PayPal and Discover Credit Cards announced their partnership today, under which PayPal will issue cards Next Year to its more than 50 million active users in the United States. They can use the cards to buy from merchants that are already part of the Discover Credit Cards Network, which links more than seven million retail locations nationwide.
For Discover — the fourth-largest credit card company after Visa, MasterCard and American Express — PayPal’s large user base would generate significant transaction volume for its payments network. PayPal users will be able to pay at retailers in the Discover Network by swiping their new cards through existing checkout machines and entering a four-digit personal identification number.
Initially, consumers will have to sign-up for a Discover-backed and PayPal-branded credit card, which does little to slim down the number of items consumers are carrying around in their wallets. Later, consumers will also have the option of paying by entering their Mobile phone number and PIN at the terminal.
PayPal will charge retailers a “small” fee when users pay with the new cards, and in turn will pay Discover Credit Cards for access to its network on a per-transaction basis, the companies said. They declined to specify the fees. Good news for the Merchants is that they will not need to buy any new hardware or software to accept PayPal.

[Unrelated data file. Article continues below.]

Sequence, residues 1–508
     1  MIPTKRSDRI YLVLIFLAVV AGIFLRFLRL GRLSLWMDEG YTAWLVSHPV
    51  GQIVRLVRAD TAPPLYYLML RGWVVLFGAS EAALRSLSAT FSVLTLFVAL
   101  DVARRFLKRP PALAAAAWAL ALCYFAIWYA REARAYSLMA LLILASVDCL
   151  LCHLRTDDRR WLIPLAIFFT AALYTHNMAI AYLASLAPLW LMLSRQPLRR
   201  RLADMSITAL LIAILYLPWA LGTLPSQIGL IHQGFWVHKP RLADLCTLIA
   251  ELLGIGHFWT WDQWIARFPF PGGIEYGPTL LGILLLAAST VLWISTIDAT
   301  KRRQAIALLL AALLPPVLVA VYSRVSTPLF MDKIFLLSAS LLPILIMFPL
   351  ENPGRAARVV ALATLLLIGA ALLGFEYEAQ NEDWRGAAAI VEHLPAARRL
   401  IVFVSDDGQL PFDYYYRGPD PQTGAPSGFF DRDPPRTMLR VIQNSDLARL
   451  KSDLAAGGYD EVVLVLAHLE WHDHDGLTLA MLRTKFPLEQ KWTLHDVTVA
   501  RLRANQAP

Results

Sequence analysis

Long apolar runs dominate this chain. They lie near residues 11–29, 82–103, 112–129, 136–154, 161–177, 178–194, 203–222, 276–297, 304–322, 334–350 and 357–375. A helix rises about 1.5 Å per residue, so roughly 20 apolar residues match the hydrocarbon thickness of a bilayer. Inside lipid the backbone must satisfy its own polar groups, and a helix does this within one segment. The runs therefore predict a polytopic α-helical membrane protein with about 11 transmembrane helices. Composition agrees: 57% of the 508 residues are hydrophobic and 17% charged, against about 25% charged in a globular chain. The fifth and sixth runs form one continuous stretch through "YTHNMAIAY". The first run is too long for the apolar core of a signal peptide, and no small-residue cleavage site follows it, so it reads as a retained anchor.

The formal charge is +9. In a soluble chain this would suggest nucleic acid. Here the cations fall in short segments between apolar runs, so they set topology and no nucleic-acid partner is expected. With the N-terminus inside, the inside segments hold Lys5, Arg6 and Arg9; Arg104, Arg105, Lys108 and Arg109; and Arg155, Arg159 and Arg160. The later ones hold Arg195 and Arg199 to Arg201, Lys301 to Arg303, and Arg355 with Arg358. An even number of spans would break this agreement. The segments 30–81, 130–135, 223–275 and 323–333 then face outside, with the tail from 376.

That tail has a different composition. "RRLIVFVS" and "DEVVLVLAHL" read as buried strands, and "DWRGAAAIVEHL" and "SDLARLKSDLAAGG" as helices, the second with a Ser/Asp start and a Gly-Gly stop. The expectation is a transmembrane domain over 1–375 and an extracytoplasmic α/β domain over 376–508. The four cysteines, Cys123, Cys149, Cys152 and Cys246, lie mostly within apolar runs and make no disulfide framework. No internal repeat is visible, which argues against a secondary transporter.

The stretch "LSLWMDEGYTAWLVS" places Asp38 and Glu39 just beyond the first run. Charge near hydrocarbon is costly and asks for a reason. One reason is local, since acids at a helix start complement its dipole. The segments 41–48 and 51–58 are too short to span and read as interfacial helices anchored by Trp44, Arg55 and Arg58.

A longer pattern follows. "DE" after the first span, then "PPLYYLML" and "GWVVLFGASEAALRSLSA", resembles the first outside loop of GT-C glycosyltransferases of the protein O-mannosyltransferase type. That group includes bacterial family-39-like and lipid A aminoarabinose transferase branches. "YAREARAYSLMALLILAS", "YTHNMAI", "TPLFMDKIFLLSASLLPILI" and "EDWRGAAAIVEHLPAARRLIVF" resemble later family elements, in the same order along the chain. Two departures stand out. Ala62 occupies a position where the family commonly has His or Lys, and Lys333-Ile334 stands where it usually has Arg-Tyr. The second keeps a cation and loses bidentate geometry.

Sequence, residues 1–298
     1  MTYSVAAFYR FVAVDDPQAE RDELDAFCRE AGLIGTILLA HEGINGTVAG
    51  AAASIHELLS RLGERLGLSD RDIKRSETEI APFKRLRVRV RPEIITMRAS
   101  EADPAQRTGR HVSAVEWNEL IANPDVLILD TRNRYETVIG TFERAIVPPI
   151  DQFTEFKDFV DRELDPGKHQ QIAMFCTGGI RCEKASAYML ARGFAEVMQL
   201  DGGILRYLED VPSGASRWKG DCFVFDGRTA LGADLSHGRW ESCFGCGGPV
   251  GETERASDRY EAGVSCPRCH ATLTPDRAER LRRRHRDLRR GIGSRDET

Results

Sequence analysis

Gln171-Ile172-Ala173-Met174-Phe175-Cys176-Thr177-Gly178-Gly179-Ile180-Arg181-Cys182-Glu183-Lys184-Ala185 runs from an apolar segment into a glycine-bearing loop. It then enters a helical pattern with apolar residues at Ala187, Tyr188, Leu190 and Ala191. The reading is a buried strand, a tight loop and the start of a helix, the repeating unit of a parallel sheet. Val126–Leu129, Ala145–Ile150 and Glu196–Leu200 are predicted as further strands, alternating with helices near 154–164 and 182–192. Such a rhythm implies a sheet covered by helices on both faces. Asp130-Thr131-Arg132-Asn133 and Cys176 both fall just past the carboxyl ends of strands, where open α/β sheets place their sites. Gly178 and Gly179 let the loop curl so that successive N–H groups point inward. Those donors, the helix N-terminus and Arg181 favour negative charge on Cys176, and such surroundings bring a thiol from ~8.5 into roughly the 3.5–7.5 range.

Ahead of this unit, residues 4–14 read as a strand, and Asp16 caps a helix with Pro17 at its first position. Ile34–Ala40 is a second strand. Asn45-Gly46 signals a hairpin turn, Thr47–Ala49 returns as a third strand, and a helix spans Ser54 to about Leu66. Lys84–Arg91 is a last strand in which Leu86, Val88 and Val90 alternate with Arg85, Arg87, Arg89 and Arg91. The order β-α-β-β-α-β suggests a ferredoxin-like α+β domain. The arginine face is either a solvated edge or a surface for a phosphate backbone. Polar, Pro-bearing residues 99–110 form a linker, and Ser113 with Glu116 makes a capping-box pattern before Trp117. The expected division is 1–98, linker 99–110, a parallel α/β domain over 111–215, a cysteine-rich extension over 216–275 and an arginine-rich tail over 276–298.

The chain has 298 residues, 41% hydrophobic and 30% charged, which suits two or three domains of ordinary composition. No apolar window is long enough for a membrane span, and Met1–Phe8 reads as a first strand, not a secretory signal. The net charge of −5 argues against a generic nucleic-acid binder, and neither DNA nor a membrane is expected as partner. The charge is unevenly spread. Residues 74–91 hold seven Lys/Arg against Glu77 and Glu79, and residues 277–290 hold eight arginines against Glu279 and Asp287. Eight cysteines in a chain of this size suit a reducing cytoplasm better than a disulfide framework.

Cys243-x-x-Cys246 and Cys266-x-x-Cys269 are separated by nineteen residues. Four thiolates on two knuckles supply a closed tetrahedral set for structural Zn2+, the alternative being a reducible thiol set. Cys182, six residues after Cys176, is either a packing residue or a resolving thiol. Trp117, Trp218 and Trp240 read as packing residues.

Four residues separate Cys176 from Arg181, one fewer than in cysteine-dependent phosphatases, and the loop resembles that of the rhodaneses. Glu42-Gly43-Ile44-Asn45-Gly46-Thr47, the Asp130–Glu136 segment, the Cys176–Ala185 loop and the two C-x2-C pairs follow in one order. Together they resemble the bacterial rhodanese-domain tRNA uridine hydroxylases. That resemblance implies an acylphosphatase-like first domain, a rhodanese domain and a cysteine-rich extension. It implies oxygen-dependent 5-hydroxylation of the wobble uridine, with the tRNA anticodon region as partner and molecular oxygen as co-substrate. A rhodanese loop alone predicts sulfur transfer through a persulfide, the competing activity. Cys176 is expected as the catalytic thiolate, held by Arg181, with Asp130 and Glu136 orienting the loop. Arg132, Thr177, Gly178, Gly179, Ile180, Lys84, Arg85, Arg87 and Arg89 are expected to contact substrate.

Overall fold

But the big question is whether consumers trust PayPal enough to be the card they use to make everyday purchases, from gas to groceries to clothing. The company has been around long enough and has significant brand recognition, but in that time, the online payments pioneer has also been a target of customer resentment. Sites like PayPalSucks.com, and its accompanying Facebook page, are forums where consumers frequently rant.
Almost anytime I write about PayPal, commenters voice their dislike for the eBay-owned company. From an earlier post, one person complained: “PayPal is one of the worst companies to deal with. I’d rather pay with pretty much any method than PayPal.” Another said, “I like Discover Credit Cards, but hate PayPal with the fire of a thousand suns. To be honest, this agreement sours me on Discover Credit Cards a bit, just because PayPal is so anti-consumer.”
So the Big Question is Will the Customers Join?